Celtic rock artist and educator Cat Doersch says one of the few things she has ever been so sure of is her lifelong love affair with the drums. Take a look at her passionate, riveting performances, where she becomes one with the instrument, and it becomes clear that they were made for each other.
Join contributing writer Cynthia Gross as she connects with Cat Doersch in recognition of Irish American Heritage Month and Women’s History Month. Learn Doersch’s favorite song to perform with The American Rogues, the most important lesson she learned in order to be successful as a female drummer, and the story behind her affectionate nickname, “Hammer of God.”
Cat Doersch discovered the drums in fourth grade, which prompted her grandfather, a former professional Dixieland musician, to retrieve his dusty old drums from the attic with pride. When asked why she gravitated to the drums specifically, Doersch replied, “I didn’t look at any other instrument. No other instrument existed. I don’t know why.”
“I remember I was at a Bob Fosse musical, and part of the musical was ‘Sing, Sing, Sing,’ so you can imagine this Bob Fosse choreography, which was amazing,” she reminisced on her early starts. “But then they also had on stage the performers” to accompany the piece for which drums served as the focal point. This mesmerizing experience sealed the deal for Doersch.
Drawing inspiration from an eclectic mix of legendary drummers, including Stewart Copeland, Bill Bruford, Neil Peart, and Larry Mullen (foreshadowing, it seems), Cat Doersch continued her studies throughout high school and later earned a degree in percussion performance from Christopher Newport University in Newport News, Virginia.
Her entry into Celtic music came years later – and quite by chance. “It was so accidental falling in love with Celtic music,” said Doersch. “I do have Irish and Scottish heritage that I wasn’t too aware of, but once I discovered that, I was just blown away.”
After playing in in a variety of bands, supporting genres from jazz to rock, Doersch was hired in 2003 by Williamsburg, Virginia-based folk band Coyote Run, which was venturing into Celtic rock. “I dove head-first into this Celtic genre to educate myself on what is it and how do I fit in,” she shared.
During her time with Coyote Run, Doersch toured nationally and internationally, immersing herself in Celtic culture. She also met her future husband, David Doersch, who was the leader of the band, and after they married, the couple moved to Florida.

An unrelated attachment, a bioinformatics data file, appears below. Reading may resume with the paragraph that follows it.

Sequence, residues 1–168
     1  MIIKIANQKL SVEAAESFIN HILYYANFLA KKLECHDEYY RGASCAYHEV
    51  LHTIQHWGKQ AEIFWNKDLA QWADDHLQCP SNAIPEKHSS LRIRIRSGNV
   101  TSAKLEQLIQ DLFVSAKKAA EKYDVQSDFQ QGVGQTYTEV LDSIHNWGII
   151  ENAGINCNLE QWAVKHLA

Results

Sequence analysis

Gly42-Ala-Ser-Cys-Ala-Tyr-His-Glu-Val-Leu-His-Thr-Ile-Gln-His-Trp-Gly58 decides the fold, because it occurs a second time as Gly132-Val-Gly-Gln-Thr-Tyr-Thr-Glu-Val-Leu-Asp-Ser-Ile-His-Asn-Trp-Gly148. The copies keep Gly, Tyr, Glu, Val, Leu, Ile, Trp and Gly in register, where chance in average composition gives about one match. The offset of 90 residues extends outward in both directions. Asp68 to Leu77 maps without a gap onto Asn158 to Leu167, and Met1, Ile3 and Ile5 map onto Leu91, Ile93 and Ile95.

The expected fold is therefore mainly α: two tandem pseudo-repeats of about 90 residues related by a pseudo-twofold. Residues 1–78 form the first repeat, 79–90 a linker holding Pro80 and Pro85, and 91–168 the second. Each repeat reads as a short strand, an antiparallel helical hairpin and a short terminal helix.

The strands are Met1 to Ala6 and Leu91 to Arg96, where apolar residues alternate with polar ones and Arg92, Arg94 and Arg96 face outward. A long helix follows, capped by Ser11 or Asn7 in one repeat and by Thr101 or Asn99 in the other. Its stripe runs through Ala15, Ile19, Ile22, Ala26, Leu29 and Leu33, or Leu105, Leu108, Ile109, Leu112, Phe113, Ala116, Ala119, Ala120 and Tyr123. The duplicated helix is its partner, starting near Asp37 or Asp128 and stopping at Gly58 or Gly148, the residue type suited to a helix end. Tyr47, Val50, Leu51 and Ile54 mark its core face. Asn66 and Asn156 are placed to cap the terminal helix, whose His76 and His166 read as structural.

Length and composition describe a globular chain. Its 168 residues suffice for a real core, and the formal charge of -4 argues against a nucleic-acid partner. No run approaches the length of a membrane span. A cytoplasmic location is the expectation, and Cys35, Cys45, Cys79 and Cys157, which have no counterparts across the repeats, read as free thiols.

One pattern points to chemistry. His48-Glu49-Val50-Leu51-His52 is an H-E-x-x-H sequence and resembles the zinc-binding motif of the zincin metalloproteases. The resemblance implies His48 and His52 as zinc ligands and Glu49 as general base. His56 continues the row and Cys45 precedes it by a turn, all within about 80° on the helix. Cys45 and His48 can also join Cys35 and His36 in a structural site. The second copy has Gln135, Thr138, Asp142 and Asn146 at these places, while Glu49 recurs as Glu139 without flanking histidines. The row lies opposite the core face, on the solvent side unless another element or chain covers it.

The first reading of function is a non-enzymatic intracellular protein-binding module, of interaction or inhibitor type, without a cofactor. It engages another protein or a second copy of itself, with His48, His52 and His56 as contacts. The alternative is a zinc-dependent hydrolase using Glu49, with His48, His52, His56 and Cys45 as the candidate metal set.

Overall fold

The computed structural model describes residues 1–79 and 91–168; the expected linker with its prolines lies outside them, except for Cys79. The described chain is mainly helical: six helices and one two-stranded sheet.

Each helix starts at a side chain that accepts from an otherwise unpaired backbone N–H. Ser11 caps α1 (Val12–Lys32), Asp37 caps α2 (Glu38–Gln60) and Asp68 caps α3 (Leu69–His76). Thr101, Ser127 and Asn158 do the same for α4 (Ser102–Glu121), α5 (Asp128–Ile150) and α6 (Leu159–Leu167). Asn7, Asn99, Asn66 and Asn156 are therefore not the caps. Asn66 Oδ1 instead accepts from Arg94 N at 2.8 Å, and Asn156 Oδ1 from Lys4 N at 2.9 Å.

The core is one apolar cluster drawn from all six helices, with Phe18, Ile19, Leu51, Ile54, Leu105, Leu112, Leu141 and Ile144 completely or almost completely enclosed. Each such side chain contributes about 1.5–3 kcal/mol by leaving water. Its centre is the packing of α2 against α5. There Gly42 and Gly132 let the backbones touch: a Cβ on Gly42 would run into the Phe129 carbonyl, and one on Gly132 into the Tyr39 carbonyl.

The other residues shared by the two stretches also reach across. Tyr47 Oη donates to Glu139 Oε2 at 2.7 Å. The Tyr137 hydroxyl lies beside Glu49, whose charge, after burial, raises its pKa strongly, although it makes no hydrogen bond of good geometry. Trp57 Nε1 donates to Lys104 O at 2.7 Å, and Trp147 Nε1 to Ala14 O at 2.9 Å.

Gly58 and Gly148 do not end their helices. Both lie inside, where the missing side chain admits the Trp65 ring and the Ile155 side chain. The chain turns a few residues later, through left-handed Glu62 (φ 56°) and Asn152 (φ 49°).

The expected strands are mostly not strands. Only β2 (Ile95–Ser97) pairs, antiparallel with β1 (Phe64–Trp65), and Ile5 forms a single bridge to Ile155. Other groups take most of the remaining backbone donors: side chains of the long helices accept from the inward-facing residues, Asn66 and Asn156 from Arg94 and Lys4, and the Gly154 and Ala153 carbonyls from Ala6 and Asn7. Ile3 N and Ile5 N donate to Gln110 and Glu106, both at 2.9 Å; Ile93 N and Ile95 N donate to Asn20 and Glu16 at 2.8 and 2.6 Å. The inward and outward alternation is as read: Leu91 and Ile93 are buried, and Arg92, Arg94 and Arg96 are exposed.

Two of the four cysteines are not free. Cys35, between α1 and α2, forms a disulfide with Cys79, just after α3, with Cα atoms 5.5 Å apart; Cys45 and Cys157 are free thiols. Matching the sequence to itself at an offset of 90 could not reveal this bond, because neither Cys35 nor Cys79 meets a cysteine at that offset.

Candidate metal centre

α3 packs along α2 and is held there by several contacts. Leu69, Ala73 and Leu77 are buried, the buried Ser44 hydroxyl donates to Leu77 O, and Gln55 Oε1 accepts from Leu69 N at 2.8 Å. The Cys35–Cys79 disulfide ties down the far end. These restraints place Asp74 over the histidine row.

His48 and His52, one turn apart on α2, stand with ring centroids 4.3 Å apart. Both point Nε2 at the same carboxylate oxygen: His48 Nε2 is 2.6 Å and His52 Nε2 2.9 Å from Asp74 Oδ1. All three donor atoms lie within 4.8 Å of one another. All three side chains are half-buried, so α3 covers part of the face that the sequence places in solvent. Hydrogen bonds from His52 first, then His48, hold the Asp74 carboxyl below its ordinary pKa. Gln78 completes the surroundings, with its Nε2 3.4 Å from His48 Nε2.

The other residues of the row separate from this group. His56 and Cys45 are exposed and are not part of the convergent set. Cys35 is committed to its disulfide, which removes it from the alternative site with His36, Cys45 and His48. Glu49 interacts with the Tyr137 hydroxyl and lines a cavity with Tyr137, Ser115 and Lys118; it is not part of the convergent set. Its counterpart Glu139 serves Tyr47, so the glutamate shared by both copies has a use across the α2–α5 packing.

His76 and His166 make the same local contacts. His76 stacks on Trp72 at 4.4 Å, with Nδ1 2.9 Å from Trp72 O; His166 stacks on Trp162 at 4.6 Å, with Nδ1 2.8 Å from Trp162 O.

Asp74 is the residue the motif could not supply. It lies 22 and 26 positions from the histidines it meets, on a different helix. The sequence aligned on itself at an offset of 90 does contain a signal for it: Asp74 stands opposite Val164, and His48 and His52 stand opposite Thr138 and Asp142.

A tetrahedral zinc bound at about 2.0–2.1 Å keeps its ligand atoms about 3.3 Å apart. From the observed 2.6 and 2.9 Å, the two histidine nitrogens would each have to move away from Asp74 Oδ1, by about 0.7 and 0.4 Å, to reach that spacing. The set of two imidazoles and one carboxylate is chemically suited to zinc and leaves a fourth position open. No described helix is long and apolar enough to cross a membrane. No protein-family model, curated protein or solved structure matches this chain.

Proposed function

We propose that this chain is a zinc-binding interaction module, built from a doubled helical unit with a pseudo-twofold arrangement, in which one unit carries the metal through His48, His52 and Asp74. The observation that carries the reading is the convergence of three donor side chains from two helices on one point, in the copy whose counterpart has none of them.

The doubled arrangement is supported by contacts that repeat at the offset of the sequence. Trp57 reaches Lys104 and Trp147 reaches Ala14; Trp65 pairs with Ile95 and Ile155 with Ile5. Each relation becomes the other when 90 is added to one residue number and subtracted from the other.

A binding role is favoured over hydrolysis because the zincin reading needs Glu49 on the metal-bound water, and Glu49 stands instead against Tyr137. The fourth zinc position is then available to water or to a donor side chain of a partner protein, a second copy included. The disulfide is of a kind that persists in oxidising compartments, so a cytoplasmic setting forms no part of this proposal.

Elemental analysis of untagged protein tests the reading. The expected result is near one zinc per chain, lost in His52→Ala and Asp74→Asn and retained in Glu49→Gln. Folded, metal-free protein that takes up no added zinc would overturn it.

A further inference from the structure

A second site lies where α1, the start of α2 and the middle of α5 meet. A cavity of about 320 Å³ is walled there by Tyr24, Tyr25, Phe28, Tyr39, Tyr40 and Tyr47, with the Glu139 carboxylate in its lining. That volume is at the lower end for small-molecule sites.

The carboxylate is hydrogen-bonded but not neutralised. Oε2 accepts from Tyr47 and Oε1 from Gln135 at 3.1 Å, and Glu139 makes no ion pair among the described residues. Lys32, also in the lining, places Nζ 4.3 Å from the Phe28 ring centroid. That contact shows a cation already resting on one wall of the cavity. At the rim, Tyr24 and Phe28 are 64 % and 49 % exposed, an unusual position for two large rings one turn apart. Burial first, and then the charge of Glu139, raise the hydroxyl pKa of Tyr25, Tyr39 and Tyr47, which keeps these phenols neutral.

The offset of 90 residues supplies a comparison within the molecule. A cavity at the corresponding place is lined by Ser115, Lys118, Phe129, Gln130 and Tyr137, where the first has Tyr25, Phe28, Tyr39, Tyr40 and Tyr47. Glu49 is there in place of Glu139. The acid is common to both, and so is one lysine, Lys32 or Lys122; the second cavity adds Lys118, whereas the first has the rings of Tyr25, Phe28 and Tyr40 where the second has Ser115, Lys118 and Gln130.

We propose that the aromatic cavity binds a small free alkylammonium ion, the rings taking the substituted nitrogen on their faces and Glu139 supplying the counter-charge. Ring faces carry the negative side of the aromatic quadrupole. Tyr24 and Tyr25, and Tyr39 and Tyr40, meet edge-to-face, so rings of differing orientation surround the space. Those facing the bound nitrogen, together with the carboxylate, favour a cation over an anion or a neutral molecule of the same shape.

Cat Doersch soon developed a “stylized, physical performance” technique influenced by Taiko drumming that resonated widely with audiences. “It’s like martial arts and drumming combined,” said Doersch. “I started incorporating some of those movements – Celtic woman warrior style – and I would get hired for random shows just for that because it’s so powerful. You become the music.”
She took additional cues from Scottish musician Evelyn Glennie, a Polar Music Prize laureate. “She is an amazing percussionist, and she is completely deaf,” said Doersch. “And it was funny because she was coming in concert, and I wanted to go and see her, and a friend of mine had already seen her. And I said, ‘Oh, what is she like?’”
In response, Doersch’s friend gave her what remains one of the biggest compliments the artist has received to date: “She’s kind of like you. She doesn’t just play a note; she dances the notes,” referring to Doersch’s resemblance to Glennie.
When Coyote Run disbanded 8 years later, Cat Doersch realized that Celtic music had become part of her identity and “musical signature” as a drummer, and there was no going back. “I didn’t realize until years and years later – even after that band folded – and [Celtic music] is still my go-to,” she said. “Like when I’m just sitting at home listening to music, that’s my go-to. And suddenly, it really dawned on me one day, it’s because I love it. It’s not because it’s my job anymore.”
Doersch describes Celtic music as “simultaneously new and timeless,” and she notes, “the same can be said for drums – and the two are totally complementary. Take ancient Celtic melodies and primal, tribal drumming, then rock them into Celtic tunes with modern dance grooves. It’s a magical combination.”
After her Coyote Run stretch, Doersch joined Busch Gardens’ Riverdance-style show, “Celtic Fyre,” featuring world champion dancers and artists, and played bodhran, an Irish frame drum.